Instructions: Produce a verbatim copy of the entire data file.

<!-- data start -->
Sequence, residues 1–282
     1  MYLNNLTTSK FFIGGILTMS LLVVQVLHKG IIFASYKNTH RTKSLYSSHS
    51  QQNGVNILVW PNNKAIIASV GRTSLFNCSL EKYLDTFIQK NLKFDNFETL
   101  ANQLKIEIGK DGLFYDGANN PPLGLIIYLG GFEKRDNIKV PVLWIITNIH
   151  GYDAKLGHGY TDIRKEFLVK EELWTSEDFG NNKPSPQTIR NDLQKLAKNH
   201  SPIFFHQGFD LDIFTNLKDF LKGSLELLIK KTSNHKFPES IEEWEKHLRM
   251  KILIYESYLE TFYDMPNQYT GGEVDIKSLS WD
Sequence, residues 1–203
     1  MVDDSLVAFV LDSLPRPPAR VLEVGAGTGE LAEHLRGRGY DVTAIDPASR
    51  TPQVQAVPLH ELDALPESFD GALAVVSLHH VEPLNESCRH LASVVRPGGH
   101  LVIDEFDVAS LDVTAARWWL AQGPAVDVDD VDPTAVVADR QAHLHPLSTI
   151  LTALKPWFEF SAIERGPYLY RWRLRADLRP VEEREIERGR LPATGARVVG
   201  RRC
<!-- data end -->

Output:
Sequence, residues 1–282
     1  MYLNNLTTSK FFIGGILTMS LLVVQVLHKG IIFASYKNTH RTKSLYSSHS
    51  QQNGVNILVW PNNKAIIASV GRTSLFNCSL EKYLDTFIQK NLKFDNFETL
   101  ANQLKIEIGK DGLFYDGANN PPLGLIIYLG GFEKRDNIKV PVLWIITNIH
   151  GYDAKLGHGY TDIRKEFLVK EELWTSEDFG NNKPSPQTIR NDLQKLAKNH
   201  SPIFFHQGFD LDIFTNLKDF LKGSLELLIK KTSNHKFPES IEEWEKHLRM
   251  KILIYESYLE TFYDMPNQYT GGEVDIKSLS WD
Sequence, residues 1–203
     1  MVDDSLVAFV LDSLPRPPAR VLEVGAGTGE LAEHLRGRGY DVTAIDPASR
    51  TPQVQAVPLH ELDALPESFD GALAVVSLHH VEPLNESCRH LASVVRPGGH
   101  LVIDEFDVAS LDVTAARWWL AQGPAVDVDD VDPTAVVADR QAHLHPLSTI
   151  LTALKPWFEF SAIERGPYLY RWRLRADLRP VEEREIERGR LPATGARVVG
   201  RRC